Holiday Dinner

Choosing the Holiday Wine

#If there is a time that begs for wine, it is the holidays. More than any other beverage, wine is ineluctably tied to the harvest, to bounty, to the very core of what we are thankful for. But there is another reason, too, and it is hedonistic. Wine at the holidays teaches us how to dine, not just eat. It is a provocative distinction, the idea of dining versus eating. But every year, Easter, Thanksgiving and Christmas serves as a reminder that it is actually pretty easy to take a humble meal and elevate it to an extraordinary experience. A few candles, cloth napkins, beautiful plates, a sensational wine and all of a sudden, turkey and mashed potatoes are transformed. It is this transformation that makes the holidays so special and so memorable for each of us.

Beautiful plates, of course, are the easy part. The nagging question always seems to be, which wine? Or better yet, wines. After decades of enjoying wonderful Thanksgiving meals, here is my strategy:

  1. Forget about perfection.
    Like most human marriages, food and wine marriages are rarely perfect. On Thanksgiving, there are just too many flavor variables going on, everything (possibly) from cranberry sauce laced with orange peel to brussels sprouts with chestnuts to sausage and wild rice stuffing, to get too hung up on a quest for the perfect match. Besides, it is the feeling around the table, the combined effect of the food plus the wine plus the people plus the ambience, that counts most.
  2. Match good to good, great to great.
    If you are having a humble dinner with a simple roasted bird, mashed potatoes and root vegetables, why buy an expensive rare Bordeaux? A Thanksgiving meal of this sort is comfort food at its finest hour, and so the wines should be comforting, too. Think juicy Zinfandel or a lush, semi sweet Farfalla Scarlet Cranberry. On the other hand, if you are pulling out all the stops and having Thanksgiving as your pièce-de-résistance dinner of the year, that expensive Bordeaux would be a great choice, as would a top-notch Farfalla Monarch Red or Cabernet Sauvignon.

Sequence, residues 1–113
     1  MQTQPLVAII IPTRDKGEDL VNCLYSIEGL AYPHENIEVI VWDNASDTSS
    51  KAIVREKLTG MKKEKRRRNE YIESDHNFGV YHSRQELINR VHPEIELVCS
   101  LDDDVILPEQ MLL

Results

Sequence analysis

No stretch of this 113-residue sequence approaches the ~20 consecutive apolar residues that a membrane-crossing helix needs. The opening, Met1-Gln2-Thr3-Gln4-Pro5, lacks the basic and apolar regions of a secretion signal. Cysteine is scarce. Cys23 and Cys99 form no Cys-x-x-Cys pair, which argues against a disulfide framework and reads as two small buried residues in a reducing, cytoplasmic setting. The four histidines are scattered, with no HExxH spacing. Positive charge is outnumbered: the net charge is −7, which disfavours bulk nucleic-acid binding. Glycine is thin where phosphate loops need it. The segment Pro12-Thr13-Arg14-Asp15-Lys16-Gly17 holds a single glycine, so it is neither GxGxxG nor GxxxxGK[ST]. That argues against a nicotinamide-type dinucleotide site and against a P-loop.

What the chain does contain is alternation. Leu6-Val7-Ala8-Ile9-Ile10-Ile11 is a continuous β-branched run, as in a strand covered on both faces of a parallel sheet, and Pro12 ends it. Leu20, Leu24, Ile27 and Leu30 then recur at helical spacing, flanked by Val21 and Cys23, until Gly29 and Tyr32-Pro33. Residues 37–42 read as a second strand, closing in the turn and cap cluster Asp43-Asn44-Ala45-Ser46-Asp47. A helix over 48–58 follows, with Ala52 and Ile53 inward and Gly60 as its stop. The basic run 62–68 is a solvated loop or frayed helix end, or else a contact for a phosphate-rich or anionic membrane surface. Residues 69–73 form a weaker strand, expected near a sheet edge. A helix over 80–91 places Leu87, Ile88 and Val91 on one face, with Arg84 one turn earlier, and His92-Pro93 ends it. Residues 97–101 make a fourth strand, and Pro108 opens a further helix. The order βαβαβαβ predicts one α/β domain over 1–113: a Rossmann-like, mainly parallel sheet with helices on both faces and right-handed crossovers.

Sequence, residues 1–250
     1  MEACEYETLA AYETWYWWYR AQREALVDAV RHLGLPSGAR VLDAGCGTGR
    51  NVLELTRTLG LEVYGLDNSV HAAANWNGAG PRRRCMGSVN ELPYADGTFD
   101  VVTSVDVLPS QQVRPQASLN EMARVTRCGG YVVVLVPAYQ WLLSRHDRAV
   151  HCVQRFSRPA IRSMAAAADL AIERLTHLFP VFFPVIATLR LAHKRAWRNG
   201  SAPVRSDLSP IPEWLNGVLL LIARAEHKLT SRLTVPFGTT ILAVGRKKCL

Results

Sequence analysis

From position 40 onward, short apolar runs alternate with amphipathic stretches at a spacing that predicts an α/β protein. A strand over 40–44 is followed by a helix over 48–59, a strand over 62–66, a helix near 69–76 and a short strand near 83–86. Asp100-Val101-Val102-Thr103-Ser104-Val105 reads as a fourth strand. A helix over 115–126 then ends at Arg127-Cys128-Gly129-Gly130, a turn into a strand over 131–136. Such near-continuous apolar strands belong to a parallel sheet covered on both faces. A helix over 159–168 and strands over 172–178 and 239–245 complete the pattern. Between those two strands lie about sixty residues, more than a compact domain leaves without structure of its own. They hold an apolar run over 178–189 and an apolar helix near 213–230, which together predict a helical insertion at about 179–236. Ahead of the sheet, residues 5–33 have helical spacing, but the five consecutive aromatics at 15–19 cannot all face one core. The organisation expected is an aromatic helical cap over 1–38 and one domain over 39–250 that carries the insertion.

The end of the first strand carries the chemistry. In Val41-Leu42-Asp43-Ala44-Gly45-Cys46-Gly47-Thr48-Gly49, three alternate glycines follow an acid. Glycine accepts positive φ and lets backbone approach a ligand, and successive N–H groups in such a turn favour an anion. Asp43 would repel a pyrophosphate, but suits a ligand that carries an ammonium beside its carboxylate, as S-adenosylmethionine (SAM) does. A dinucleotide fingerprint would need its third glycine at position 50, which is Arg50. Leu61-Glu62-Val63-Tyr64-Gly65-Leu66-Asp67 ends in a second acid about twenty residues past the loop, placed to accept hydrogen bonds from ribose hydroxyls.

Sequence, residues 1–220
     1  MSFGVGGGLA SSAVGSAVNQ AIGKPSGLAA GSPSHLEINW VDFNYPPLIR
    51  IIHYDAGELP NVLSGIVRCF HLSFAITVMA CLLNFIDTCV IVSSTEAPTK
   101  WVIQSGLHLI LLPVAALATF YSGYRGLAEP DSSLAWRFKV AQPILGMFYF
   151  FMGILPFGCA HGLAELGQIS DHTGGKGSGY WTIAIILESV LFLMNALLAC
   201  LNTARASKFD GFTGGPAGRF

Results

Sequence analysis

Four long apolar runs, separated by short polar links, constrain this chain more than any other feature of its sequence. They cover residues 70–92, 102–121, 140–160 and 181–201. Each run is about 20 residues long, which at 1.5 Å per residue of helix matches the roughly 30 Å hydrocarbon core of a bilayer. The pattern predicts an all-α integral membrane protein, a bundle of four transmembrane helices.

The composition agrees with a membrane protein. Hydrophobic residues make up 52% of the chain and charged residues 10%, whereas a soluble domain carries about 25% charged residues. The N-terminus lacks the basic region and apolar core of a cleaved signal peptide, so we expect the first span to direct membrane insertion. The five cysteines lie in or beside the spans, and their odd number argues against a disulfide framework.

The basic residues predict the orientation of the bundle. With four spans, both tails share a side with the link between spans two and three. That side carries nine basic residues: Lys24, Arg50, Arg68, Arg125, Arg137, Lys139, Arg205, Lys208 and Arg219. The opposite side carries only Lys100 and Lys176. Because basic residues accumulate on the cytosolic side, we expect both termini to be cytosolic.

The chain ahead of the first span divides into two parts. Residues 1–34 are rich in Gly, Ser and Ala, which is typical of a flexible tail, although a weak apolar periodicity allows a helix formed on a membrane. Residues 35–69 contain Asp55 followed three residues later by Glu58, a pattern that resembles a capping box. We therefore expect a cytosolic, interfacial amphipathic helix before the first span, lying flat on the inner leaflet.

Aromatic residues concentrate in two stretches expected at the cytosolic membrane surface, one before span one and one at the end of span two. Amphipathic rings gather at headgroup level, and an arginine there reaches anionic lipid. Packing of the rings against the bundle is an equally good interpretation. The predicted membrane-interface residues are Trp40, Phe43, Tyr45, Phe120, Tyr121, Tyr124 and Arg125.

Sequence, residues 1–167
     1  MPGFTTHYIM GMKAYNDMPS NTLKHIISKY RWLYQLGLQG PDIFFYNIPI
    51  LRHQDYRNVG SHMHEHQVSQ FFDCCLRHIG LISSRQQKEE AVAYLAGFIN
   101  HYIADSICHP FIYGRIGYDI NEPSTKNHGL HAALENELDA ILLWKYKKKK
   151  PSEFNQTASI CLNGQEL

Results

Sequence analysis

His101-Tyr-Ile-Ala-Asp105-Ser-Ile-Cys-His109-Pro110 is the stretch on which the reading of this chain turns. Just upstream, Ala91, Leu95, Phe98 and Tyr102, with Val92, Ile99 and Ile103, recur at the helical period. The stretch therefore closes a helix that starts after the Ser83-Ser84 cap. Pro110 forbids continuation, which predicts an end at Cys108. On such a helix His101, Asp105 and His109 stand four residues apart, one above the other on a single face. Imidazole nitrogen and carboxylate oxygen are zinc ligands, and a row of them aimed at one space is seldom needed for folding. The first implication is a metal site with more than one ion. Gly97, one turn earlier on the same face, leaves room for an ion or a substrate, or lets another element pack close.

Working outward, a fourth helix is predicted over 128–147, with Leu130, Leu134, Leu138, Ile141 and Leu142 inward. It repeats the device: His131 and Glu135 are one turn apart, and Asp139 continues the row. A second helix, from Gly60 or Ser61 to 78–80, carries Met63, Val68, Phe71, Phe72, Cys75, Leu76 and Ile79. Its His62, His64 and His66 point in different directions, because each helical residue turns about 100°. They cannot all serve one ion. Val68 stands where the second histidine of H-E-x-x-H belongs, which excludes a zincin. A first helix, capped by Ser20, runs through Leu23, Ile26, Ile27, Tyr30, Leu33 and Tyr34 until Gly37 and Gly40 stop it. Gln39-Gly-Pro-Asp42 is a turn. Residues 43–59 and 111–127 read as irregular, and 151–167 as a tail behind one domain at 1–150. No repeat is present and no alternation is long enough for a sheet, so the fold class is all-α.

3. Synchronize intensity.
    A turkey with a rich stuffing and rich gravy does not cry out for a delicate light wine. (Just as a lovely mild fish dish is not built to handle a massively concentrated wine.) Powerful red varietals include Cabernet Sauvignon, Farfalla Tiger Red, Syrah, Petite Syrah and most good Merlots. Powerful whites (and if you are a white-wine lover, who says you should not have white) include Chardonnay, Gewürztraminer and Viognier.
  4. Let food flavors suggest wine flavors.
    For example, a roast turkey with a spicy stuffing immediately suggests a spicy wine, like a peppery Syrah from the Rhône or a flamboyant Gewürztraminer from Alsace. So when you go to the wine shop, bring your recipes with you, and be sure to tell the wine merchant what the dominant flavors are in the dishes you will be cooking.

In the end, there is no single perfect wine for a given dish. Rather, there are lots of intriguing likely culprits. Part of the joy of cooking, it seems to me, is the discovery of those wines. That is why on my dinner table this Thanksgiving, there will be (as there always is) more than one wineglass at each place setting and more than one type of wine waiting to be poured. At some point in the meal, I will ask friends and family what they think the best wine is, and opinions will always differ, making for a lively dinner table conversation. Which is just as it should be on Thanksgiving.

One final question

How much wine do you need? That depends on how long the dinner will last. Keep in mind that it is never bad to have leftover wine, but it is always frustrating (and sometimes embarrassing) to run out. That is why caterers work on the formula of one bottle per person. Since a standard bottle of wine contains about five glasses, this should be more than enough for the holidays and still leave you with wine to enjoy on the weekend while you are recuperating!

Karen MacNeil, Author, The Wine Bible (Workman Publishing, 2001).



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